Gramoli et al. Can SDN Mitigate Disasters?

Primary server farm

Secondary server farm

Datacenter operated controllers



RTT = 10ms C = 100Mbit/s

RTT = 340ms C = 100Mbit/s


s1 Edge controller



Time  (s)   (a) RTT

8   6   4   2   0  

1   27   53   79   105   131   157   183   209   235   261   287   313   339   365   391   417  

Throughput  (MB/s)  

0.8   0.7   0.6   0.5   0.4   0.3   0.2   0.1   0  

1   27   53   79   105   131   157   183   209   235   261   287   313   339   365   391   417  

RTT  (s)  

Figure 3: Experimental topology deployed in Mininet to represent a client accessing a local datacenter in Sydney (left) and a remote datacenter in Ireland (right)

Time  (s)   (b) Throughput

Figure 4: Impact of the disaster on service RTT and throughput of the key-value store

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Switch SYN=1, seq=client_seq

SYN=1, seq=dc1_seq, ack=client_seq+1

SYN=0, ack=dc1_seq, seq=client_seq+1

Datacenter 1

Datacenter 2

SYN=1, seq=client_seq SYN=1, seq=client_seq SYN=1, seq=dc1_seq, ack=client_seq+1 SYN=1, seq=dc2_seq, ack=client_seq+1 Offset = dc2_seq - dc1_seq SYN=0, ack=dc1_seq+1, seq=client_seq+1 SYN=0, ack=Offset+dc1_seq+1, seq=client_seq+1

Connection Establishment



seq=client_seq+2, n bytes data seq=client_seq+2, n bytes data

seq=dc1_seq+2, ack=client_seq+n-2

seq=dc1_seq+2, ack=client_seq+n-2

seq=dc2_seq+2, ack=client_seq+n-2

Data Update

seq=client_seq+2, n bytes data Record packet

Remove packet






Connection Close



Figure 5: Mechanism for inline TCP duplication

larger RTT makes it impossible for TCP to fully utilise the pipe. Using this SDE technique, we observed empirically an RTO lower than 30s.


Replication of Traffic with SDE

To ensure persistence of critical data (nil RPO), we extend the redirection mechanism used in the former case by proposing a duplication (or replication) of the TCP flow in the non-disaster period to achieving a 30s RTO. This mechanism is illustrated in Figure 5 where the switch will translate the data from the client to the second datacenter in order to mimic a connection to the client. This replication is made possible by extending the flow table in the switch. In particular, at the establishment of the TCP connection the switch duplicates the SYN packet to both datacenters, while creating an entry in the flow table, then when the first ACK is coming back, the switch elects the datacenter as the master datacenter and keeps a trace of its acknowledged sequence number. Once the second and more distant datacenter sends back the ACK packet, the switch elects this datacenter as the slave and computes the offset in the acknowledged sequence number. This offset is used in the on-going connection to make the slave server believes it is connected to the client. This process is illustrated in the upper part of the sequence diagram of Figure 5. Once the connection is established between the two servers and the client, the latter can start writing


Gramoli et al. Can SDN Mitigate Disasters?

in the key-value store. In this case, the switch duplicates the TCP stream using the offset value as depicted in Figure 5. As the connection to the second datacenter is longer than to the first datacenter, we need to copy non-acknowledged packets from the slave datacenter in the switch or in the SDN controller. While this imposes a constraint on the storage capability of the switch, we can reasonably expect that the number of flows as well as the size of these flows will not overflow the switch memory given that our solution is deployed at the edge of the network. Using this copy of non-acknowledged packets, we can retransmit them in case of losses in the network. Finally, we close the client connection to the datacenter in a similar manner as the connection establishment as shown in Figure 5.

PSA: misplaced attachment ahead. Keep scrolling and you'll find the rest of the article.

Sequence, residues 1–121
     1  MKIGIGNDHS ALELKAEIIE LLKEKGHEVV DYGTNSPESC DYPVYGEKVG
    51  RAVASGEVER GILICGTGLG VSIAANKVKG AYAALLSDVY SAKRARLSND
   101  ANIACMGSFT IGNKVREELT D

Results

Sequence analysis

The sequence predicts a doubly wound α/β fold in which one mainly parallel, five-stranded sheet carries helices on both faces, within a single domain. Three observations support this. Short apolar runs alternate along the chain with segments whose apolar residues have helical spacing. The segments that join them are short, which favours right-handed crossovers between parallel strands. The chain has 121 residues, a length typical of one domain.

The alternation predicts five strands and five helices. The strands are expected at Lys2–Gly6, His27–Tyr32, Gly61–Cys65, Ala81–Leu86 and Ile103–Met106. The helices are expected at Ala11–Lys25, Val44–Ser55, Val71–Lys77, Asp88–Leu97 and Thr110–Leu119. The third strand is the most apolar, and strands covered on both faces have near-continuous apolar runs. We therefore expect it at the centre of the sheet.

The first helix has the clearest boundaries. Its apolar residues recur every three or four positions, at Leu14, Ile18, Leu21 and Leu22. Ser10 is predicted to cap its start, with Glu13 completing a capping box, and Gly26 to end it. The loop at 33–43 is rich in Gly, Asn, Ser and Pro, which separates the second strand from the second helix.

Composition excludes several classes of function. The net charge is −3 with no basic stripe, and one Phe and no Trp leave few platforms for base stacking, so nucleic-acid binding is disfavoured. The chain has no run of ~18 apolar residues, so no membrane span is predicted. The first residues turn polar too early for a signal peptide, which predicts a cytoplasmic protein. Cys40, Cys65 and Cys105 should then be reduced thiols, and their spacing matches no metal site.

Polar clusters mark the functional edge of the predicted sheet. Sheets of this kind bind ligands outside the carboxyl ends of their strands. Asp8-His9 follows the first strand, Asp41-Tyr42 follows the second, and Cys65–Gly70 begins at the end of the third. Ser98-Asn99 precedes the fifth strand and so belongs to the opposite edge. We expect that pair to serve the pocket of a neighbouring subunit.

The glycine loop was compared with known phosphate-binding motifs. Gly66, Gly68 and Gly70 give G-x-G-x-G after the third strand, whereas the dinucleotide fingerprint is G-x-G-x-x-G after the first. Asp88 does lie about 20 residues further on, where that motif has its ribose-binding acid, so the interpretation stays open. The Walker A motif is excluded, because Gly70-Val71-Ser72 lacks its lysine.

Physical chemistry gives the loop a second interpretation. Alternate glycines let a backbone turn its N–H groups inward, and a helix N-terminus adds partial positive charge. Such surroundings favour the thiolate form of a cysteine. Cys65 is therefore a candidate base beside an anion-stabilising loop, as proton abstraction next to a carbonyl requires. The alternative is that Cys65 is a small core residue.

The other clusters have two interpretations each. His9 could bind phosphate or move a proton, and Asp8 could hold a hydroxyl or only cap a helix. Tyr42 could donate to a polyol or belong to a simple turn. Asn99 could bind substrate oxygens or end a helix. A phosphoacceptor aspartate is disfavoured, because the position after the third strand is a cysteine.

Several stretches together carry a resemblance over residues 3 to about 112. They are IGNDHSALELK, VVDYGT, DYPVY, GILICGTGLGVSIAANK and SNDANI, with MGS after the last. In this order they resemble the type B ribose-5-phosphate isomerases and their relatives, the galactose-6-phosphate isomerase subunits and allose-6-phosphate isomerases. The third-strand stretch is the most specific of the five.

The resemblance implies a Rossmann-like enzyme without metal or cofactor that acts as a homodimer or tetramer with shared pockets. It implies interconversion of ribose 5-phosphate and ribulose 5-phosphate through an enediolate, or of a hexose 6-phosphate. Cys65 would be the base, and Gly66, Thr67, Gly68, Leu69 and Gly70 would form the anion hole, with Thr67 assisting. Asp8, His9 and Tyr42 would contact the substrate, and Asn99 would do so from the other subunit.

Challenges and Opportunities

We illustrated how SDE can be used to mitigate disasters. Our proposal faces a number of challenges but also creates new economically viable opportunities. We identified three main challenges as well as three main opportunities and we discuss both aspects in the remainder of this section. • The first challenge is related to the technical aspect of TCP flow duplication as we mentioned briefly in Section 4.3. Indeed, TCP transmission provides end-to-end reliability that naturally extends to the client to master datacenter connection but the replicated slave connection is beyond the reach of the client. The switch should therefore take care of the retransmission of lost packets based on acknowledgements from the slaves. In the previous section, we introduced an extension to the flow table to perform this action but further investigation is needed to decide when retransmissions are needed. A few options are available, such as timer-based triggers or using a threshold in the number of unacknowledged packets in the buffer. Another issue with TCP duplication concerns the asymmetry of the paths to the datacenters and its impacts on the sending rate. • Second, the proposed architecture relies on its deployment at the edge of the network. However, it is unlikely that the datacenter operator would be the same as the edge ISP. Hence, the deployment requires collaboration between these two entities. This is a well-known issue for Quality of Service as some argued for the the establishment of an API to delegate some control over the edge switches to third parties [12]. • Finally, we demonstrated our proposal over a simple key-value store. Extension to more complex data storage backends might require additional work. Notwithstanding these challenges, our proposed architecture presents several opportunities. • First, we have illustrated how our proposal achieves nil RPO while approaching a nil RTO. This opens a new business opportunity as this feature could be integrated in today’s Service Level Agreements as a new premium option. • Second, while deployment requires collaboration between ISPs and cloud-based service providers, the use of SDN technology greatly reduces its cost. Indeed, SDN-enabled switches are already available off the shelf and usually cost orders of magnitude less than more complex equipments. • Finally, by proactively redirecting traffic to online datacenter upon disaster, our proposal would reduce the number of legitimate but unsuccessful connection establishments. This in turn would simplify the task of the edge ISP forensic department as a large number of failed connection establishments due to a disaster would have triggered DDoS investigation procedures. Furthermore, we could imagine that the redirection information would be shared with the ISP, which could therefore take the necessary steps to reconfigure their network faster (e.g., change BGP announces).


Concluding Remarks

SDN is becoming a mature technology to adapt the control plane within few seconds by dynamically mapping the distribution of switches to controllers [7]. This reactivity promises to facilitate application

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fault-tolerance through highly responsive network failure detection. We have confirmed this idea through the use of a simple cloud key-value store application that can recover from continent-wide disaster almost transparently from the end-user point-of-view. Although inter-datacenter SDN is well known to adequately leverage the application information for traffic differentiation, we have shown somehow a reverse ability for distributed applications to leverage SDN edge information about fault detection to effectively bypass disasters.